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26th July 2022

Partner Insight: Tackling climate change with environmental tax

Tackling climate change with environmental tax – Likely changes to aggregates levy (‘AGL’) from 1 April 2023.

AGL is a tax on the commercial exploitation of rock, sand and gravel and is designed to encourage the use of less environmentally damaging materials. Since its introduction in 2002, AGL has endured a series of challenges, including whether it was lawfully introduced in the first instance. More recently, HMRC undertook a consultation into some of the exemptions that apply to aggregate material extracted in certain circumstances, resulting in the publication of draft legislation changes on 20th July.

The draft changes are focused on making two fundamental changes to the way AGL is applied.

Firstly, in response to extensive lobbying by utilities, the revised changes to Part 2 of FA 2001 aim to introduce a broader exemption for material that arises unavoidably as a by-product from building or improving structures and infrastructure in the utilities and transport sectors. This will allow a raft of more complicated and detailed exemptions to be removed and will hopefully provide clarity for utilities when they consider which of their activities are subject to the levy.

The task facing utilities now is to consider which works will fall into the new exemption (probably the vast majority) and is there any residual exposure for works that are already being undertaken.
The second change is likely to be welcomed by the quarry industry but less so by developers. Aggregate returned to its originating site is exempt from AGL. The new legislation will restrict this exemption to where the returned aggregate is to be used in connection with winning more aggregate or other minerals from that site.  In practice this measure will remove exemption for aggregate removed from ‘borrow pits’ situated nearby development sites – essentially treating borrow pits the same as commercial quarries – and address concerns in the quarry industry that this exemption has been distortive.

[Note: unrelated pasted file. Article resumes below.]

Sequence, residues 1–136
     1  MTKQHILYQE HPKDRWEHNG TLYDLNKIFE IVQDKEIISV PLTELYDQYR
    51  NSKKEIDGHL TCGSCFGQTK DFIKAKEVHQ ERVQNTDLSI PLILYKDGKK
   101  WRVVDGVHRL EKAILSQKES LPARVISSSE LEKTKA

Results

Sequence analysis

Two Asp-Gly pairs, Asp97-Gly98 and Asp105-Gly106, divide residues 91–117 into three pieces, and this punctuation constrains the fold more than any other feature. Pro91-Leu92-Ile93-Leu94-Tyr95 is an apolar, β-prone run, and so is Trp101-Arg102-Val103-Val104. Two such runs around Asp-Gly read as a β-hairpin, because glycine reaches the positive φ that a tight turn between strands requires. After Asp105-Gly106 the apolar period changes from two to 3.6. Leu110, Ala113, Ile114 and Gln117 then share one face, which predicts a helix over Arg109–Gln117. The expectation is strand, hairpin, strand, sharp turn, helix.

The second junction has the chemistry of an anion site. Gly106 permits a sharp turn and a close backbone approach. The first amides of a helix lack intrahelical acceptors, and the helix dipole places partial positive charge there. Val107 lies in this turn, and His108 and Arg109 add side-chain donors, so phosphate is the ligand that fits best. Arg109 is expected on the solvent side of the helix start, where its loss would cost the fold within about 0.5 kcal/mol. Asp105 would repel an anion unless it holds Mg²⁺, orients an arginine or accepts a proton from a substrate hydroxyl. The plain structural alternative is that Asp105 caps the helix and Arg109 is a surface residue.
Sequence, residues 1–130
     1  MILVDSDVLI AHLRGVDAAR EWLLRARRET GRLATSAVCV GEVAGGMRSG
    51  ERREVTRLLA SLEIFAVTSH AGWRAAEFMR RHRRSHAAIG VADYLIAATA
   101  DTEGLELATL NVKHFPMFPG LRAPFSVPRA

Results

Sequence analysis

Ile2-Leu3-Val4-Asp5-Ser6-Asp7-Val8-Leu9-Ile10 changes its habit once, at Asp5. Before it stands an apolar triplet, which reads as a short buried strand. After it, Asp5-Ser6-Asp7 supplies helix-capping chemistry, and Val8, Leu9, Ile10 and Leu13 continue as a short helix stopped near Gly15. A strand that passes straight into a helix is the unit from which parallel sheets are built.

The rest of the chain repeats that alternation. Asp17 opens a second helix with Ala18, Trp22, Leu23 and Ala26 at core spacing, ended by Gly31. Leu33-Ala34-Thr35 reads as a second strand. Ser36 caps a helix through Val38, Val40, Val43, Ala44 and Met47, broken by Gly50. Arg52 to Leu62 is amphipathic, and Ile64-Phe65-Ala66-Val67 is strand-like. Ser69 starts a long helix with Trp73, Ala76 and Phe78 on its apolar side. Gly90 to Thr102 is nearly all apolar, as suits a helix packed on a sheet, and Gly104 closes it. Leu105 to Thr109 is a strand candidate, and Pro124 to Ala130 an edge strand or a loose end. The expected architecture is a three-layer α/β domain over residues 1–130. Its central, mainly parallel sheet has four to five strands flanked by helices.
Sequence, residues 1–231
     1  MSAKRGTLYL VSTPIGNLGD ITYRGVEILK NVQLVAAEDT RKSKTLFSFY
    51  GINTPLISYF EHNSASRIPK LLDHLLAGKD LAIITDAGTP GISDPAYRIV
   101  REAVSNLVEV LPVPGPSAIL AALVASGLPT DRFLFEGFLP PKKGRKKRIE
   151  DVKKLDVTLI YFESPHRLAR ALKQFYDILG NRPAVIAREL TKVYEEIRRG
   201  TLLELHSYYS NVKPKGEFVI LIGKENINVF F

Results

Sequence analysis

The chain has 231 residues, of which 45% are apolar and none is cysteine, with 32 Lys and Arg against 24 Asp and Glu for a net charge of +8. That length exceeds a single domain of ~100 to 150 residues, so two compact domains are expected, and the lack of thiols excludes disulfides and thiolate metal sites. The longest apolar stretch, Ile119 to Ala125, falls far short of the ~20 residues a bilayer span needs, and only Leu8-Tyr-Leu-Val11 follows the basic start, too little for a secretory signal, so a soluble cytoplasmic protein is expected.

Borrow pits are used mostly in connection with large development projects in areas where there are valuable minerals. All such projects should re-examine their use of borrow pits and more generally, how they go about sourcing aggregate material for their development, consider the increased costs that this measure will introduce, and think about whether they, or their contractors, have responsibility to account for the AGL that will arise.

Both measures would come into effect on 1 April 2023.

If you are affected by any of the above changes or if you are interested to know more about how environmental tax impacts your business, please get in touch with your usual Centurion VAT contact or contact the team as a whole using emailus@centurionvat.com.

For the avoidance of doubt, the content recorded in this news article does not constitute formal advice and we do not guarantee the accuracy of any information provided at the time of reading. It is always recommended that you seek professional advice before acting on any of the news articles or information included.

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